rumination: is both good and bad

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Professional Dingbat
Nov 4, 2012
Queensland, OzTrayLeeYa
We often find ourselves ruminating about things that are past and things yet to come, I've certainly done my fair share of that on topics which vex me.
I found that this video appeared in my feed recently (because I subscribe to Theramintrees)

It discusses this topic from the perspective of abusive relationships, however I found many good points in it which would help people who (from my perspective) are seemingly abusing themselves. For instance:

"patients with PTSD often focus on 'why' and 'what if' types of questions instead of the actual traumatic experience."​

If you are endlessly doing "google reading" (which I distinguish from research) I would ask yourself if your search is for a specific end, or just searching out "how it can all go bad". If your research is more rehersal in the context of this video?

The video advises the rumination on the concrete not the abstract, and in this context I'd place the 'concrete' as something within your control. To ruminate on something not in your control is akin to ruminating about "will I be killed on the way to work today" vs the concrete of "do not answer or look at notifications the phone while driving".

To help "paraphrase" another part, imagine the zealot involved with suggesting "horrors" is indeed just your unconscious mind?

I hope it helps anyone to come to terms with the surgery and instead of focusing on the youtube videos of the horrific cutting into people and the wounds instead turn to rumination on how to heal their view of the situation by acceptance. Remember no matter what you believe now it comes down to these things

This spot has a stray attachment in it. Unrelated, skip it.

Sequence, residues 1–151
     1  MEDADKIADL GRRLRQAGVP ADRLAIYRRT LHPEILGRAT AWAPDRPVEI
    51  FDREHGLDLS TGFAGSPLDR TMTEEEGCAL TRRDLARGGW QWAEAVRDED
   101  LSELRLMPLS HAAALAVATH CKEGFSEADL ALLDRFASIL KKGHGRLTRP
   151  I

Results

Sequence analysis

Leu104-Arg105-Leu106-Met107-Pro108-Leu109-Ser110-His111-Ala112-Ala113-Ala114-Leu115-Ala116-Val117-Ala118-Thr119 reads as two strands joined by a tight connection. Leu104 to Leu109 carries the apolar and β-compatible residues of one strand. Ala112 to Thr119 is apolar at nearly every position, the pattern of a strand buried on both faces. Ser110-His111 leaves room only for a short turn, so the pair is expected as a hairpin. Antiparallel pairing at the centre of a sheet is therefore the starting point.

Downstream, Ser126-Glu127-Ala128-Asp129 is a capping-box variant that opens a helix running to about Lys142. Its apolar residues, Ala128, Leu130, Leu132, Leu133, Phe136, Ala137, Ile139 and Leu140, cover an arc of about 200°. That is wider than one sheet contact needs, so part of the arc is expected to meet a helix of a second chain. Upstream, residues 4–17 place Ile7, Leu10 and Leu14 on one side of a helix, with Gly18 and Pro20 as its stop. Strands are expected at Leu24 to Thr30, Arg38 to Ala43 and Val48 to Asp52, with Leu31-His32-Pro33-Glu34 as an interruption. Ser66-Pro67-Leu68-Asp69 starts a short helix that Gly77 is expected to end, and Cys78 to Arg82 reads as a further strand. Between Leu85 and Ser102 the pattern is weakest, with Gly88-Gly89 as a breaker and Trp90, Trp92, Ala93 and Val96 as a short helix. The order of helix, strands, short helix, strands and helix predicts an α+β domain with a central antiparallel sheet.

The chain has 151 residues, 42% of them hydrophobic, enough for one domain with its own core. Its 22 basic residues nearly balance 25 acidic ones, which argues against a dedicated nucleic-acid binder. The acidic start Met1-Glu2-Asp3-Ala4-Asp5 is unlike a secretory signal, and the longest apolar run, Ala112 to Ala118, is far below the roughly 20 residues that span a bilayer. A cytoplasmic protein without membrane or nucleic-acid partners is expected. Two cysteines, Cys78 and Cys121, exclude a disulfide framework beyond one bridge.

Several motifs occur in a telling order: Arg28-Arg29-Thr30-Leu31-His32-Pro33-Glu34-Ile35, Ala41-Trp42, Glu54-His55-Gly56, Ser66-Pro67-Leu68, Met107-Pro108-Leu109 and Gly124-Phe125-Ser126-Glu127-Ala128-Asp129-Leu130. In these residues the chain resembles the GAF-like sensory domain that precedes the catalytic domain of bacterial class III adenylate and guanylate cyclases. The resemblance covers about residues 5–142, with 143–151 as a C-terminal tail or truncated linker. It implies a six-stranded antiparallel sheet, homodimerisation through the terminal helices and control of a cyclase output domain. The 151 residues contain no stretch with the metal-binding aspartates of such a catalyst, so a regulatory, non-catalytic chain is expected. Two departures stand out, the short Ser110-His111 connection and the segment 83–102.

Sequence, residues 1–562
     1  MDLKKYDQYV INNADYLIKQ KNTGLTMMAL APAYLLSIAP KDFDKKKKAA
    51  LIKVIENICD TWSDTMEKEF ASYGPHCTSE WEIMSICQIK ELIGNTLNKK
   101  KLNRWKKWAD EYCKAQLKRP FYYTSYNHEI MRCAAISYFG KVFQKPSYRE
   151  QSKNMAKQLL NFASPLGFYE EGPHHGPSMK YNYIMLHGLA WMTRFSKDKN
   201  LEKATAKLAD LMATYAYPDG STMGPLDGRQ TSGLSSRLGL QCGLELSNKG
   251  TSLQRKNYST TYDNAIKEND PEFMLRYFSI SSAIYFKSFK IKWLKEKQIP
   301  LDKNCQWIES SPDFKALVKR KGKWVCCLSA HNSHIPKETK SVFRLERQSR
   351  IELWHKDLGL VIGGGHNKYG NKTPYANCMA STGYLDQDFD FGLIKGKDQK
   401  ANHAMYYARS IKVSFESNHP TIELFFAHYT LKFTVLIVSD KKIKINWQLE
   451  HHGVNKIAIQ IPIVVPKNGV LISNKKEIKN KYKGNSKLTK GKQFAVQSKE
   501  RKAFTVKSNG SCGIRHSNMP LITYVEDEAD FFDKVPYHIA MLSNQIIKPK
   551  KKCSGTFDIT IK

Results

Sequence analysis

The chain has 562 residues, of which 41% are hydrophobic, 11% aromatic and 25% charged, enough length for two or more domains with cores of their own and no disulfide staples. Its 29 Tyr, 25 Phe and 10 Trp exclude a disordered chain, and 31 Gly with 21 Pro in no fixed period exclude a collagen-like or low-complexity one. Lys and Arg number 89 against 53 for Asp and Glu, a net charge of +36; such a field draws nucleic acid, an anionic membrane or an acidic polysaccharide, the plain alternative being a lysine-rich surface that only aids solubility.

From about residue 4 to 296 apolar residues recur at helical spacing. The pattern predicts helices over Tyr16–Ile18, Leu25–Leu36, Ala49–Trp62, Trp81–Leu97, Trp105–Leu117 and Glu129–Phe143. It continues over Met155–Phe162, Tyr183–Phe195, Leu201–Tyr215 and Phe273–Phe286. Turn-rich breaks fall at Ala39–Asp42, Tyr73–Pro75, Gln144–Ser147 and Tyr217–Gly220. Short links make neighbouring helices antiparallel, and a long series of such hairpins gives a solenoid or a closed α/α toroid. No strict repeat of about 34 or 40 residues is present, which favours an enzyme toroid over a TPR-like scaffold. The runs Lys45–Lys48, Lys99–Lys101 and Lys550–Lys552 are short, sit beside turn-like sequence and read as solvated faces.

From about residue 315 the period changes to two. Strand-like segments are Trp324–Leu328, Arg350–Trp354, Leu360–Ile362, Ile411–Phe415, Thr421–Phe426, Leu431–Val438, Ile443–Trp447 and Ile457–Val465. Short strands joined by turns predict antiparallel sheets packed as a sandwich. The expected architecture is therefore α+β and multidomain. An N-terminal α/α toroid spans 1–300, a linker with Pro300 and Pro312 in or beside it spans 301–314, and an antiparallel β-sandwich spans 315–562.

substitute out Nature for God if that makes you feel more positive about it
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Well-known member
Apr 9, 2014
Levittown ,Pa 19054
I've always been a pretty optimistic forward-looking person but this past year I have spent a good bit of time looking back and longing for the past and also fearing for the future. By fearing I mean more like what if it isn't as good as the past? What if My wife leaves me or passes first and my son's on the other side of the country and wants nothing to do with me and I end up having a stroke or something and spending my last years in a nursing home alone....? I realize there's nothing helpful about these thoughts so I don't linger on them often because the logical part of my brain knows that worrying about a potential future and longing for an inaccessible past ruins today. The only thing you can logically do is enjoy the now and try to prepare for tomorrow.


Well-known member
Jan 5, 2014
Minnesota, US
I try to make a practice of "positive rumination" daily by remembering how great certain days in the past were (times in nature where I felt awe, when my kid got a job, etc.) and imagining how great it will feel if/when certain events come to pass (next kid gets a job, upcoming vacation, see my sister again, etc.). I really imagine it vividly like I am there and savor how that feels in my physical body, really marinate in it. It feels like it changes my body chemistry and I have gotten better and better at generating that elation through thought alone via practice.